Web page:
Yes. Nathan Fillian (Captain Reynolds), Alan Tudyk (recently deceased pilot "Wash", wasn't even supposed to be there), Mark Sheppard (Badger the, er, "entrepreneur"), Jonathan Woodward (Tracey the organ smuggler), Christina Hendricks ("Our Mrs Reynolds") and Adam Baldwin (Jayne) all showed. Jewel Staite (Kaylee) tried, but she's stuck in Canada.

The stories on the forum at Whedonesque are enough to bring tears to my eyes.

Monday, December 04, 2006

Imagine there's no buttons...

It's easy if you try...

I never thought I would see a blog all about buttons, but then came History of the Button.

In this provocative post, our host asks the question, does the elevator user interface need changing? Those who, like me, have waited an hour or more for an elevator going our way at DragonCon might argue that it does. I find myself longing for the days of a human operator who could (a) enforce load limits or (b) keep people from getting on an down-elevator in order to go up. (Aside from the fundamental unfairness of the tactic, it places unnecessary wear and tear on the elevator itself. Or is it not obvious that an elevator that is moving someone in the wrong direction is wasting energy?)

The original "user interface", as I understand it, was a single handle: Moved in one direction, the elevator ascended: In the other, it descended. It was up to the human operator, specially trained for the job, to bring it to a gentle halt with the elevator floor level with that of the desired story of the building.

The problems began when we got rid of that darned operator, put out on the sidewalk to commiserate with the buggy whip manufacturers. The elevator was now controlled by its riders--and a sophisticated set of relays, sensors, and failsafes that (generally) accomplished the task at hand without a human being's constant attention.

Suddenly the question "Is this elevator going up?" was subject to a vote. Every time the door opened. The operator, the final arbiter of the question, was gone--and the elevator itself didn't care. I hope the poor operator at least derived some amusement from the new problems his absence created.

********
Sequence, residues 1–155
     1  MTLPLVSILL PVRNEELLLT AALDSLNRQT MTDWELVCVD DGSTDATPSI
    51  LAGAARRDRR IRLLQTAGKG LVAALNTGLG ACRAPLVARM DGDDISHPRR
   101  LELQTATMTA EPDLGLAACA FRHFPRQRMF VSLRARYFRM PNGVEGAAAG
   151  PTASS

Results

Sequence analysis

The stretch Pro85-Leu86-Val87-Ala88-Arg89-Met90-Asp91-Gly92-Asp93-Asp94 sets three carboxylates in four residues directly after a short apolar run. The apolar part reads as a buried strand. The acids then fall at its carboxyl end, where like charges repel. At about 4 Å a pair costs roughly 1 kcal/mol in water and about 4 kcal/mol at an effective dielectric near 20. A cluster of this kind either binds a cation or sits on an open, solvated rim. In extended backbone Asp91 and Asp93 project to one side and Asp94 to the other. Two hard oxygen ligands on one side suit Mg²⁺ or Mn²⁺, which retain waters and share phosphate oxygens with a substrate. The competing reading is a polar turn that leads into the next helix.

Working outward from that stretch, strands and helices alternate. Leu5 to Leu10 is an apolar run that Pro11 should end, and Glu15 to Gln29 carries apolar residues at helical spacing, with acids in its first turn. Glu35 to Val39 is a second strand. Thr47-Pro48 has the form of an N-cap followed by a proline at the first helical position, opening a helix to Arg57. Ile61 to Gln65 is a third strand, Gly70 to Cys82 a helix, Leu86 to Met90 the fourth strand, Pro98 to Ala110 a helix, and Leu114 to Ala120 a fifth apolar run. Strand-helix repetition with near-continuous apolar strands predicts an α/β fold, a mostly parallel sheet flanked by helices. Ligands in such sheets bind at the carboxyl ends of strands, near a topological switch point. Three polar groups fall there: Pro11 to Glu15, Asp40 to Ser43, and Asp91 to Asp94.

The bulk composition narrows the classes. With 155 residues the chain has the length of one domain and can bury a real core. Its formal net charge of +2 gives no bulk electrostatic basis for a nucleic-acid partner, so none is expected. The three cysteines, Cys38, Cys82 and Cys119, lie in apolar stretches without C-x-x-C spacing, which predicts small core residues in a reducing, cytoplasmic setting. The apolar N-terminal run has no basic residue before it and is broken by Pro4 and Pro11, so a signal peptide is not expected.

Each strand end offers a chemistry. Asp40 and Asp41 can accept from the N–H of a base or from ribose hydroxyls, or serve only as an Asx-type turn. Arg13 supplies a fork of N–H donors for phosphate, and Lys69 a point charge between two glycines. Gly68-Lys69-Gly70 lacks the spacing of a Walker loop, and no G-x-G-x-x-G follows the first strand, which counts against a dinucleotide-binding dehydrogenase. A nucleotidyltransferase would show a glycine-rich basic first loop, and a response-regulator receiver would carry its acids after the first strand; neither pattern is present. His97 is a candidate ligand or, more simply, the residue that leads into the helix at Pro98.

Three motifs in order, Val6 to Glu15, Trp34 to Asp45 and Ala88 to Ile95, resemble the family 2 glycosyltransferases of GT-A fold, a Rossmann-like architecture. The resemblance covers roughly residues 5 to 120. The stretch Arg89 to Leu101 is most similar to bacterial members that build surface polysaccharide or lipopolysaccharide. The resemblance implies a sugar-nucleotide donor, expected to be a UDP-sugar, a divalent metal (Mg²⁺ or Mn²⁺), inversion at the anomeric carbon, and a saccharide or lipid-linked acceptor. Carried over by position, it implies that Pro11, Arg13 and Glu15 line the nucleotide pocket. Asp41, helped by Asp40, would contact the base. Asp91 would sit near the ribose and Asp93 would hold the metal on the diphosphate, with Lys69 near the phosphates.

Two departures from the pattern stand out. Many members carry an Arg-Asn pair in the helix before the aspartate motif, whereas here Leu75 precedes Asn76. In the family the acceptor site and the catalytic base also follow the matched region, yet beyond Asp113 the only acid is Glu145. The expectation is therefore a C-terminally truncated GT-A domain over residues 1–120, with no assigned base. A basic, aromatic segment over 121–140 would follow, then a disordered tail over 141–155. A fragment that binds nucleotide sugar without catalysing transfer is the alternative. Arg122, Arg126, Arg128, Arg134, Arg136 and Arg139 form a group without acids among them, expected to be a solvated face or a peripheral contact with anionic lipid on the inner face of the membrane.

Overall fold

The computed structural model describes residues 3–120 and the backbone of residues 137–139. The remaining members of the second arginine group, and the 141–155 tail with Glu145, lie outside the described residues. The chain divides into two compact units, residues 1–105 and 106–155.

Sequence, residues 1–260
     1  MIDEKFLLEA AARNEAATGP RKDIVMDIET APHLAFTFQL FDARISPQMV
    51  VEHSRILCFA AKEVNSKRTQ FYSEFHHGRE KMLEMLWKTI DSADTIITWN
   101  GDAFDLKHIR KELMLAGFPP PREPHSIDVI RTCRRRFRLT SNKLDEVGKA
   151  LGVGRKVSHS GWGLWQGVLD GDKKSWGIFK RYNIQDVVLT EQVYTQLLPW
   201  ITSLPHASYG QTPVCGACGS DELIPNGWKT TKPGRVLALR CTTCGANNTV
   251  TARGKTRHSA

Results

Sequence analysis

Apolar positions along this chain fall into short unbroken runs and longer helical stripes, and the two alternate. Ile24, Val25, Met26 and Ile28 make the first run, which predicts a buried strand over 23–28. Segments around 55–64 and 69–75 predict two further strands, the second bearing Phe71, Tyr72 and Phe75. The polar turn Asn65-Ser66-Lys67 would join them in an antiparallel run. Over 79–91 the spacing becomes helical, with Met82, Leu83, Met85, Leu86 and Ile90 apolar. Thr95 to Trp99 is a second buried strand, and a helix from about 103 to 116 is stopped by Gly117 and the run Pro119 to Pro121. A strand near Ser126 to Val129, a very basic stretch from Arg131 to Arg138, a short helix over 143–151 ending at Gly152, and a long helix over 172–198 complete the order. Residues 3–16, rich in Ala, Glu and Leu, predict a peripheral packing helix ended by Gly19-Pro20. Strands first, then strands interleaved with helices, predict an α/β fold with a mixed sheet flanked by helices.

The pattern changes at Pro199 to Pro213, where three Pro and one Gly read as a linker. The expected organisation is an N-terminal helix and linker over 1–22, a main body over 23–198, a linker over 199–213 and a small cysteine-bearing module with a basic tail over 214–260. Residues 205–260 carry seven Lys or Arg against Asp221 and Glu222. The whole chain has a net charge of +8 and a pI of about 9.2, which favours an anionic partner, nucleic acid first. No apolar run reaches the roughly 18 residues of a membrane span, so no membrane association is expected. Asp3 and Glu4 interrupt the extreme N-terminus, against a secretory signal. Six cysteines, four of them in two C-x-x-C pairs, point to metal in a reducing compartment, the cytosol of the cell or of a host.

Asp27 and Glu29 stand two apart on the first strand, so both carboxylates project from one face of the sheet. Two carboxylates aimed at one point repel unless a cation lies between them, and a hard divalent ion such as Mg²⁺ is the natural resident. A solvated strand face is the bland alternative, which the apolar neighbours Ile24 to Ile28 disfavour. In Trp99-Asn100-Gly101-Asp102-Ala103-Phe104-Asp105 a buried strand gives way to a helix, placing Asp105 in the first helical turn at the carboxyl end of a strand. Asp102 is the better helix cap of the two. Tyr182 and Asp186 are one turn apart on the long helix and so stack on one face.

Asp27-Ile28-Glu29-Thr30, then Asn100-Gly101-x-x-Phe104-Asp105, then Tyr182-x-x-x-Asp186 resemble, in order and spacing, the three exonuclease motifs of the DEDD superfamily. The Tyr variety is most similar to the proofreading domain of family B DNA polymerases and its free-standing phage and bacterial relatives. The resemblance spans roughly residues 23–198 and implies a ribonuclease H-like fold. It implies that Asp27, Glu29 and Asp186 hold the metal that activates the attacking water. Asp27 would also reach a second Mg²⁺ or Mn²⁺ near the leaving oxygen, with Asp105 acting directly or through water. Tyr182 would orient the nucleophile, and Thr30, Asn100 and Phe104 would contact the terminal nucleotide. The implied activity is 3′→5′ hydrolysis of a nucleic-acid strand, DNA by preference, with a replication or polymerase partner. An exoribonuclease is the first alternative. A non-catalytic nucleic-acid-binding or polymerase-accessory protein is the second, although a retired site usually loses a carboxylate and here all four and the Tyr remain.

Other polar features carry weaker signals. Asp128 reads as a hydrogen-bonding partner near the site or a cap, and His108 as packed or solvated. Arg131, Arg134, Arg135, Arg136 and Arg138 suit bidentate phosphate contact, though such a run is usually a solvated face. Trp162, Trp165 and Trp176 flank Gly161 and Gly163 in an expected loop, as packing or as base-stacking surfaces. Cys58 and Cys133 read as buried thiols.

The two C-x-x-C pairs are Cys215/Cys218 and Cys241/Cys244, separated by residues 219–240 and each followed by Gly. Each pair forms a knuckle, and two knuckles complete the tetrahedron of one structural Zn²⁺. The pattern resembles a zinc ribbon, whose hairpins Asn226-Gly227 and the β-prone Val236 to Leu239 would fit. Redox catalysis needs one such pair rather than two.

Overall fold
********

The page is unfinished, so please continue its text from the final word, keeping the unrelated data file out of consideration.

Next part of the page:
Elevator brains got more and more complex, resulting in a conveyance that would continue rising until it got to the topmost floor to which it was sent (or from which it was called) before it would turn around.

The problem is, the elevator encourages each rider to think only of himself. There's no way to know how many other people want the same floor you do, and nothing to do about it if you did know. With increasingly rare exceptions, there's no way for the average rider to know where the elevator is if he isn't actually on it. PC Tech Support can tell you how long before your call is answered, but nobody can tell you how long before "your" elevator arrives, or how many intermediate stops it will make before it reaches your floor. The user is "protected" from the information he needs to make any kind of intelligent decision regarding the allocation of elevator resources. He's also "protected" from any clues what the elevator system itself is doing, or why.

I'm sure there must have been a few false starts before the familiar elevator interface came together. The rider approaches the lobby and calls an elevator moving in a particular direction, then when one arrives, he gets on and designates his floor. It's a two-step process (unless one happens to be on the topmost or bottommost floor, and so few buildings have their main entrances on either one).

Why should it be two steps?

Back to Bill at the History of the Button, who talks about “destination elevators”. All of the user controls are in each floor's elevator lobby: On the numeric keypad, you tell the system your intended destination floor: It responds by telling you which elevator will go there. There are no buttons in the elevator itself (except, one presumes, the reassuring Emergency Alarm button).

I would love to see a hotel full of science-fiction fans try to cope with elevators like these.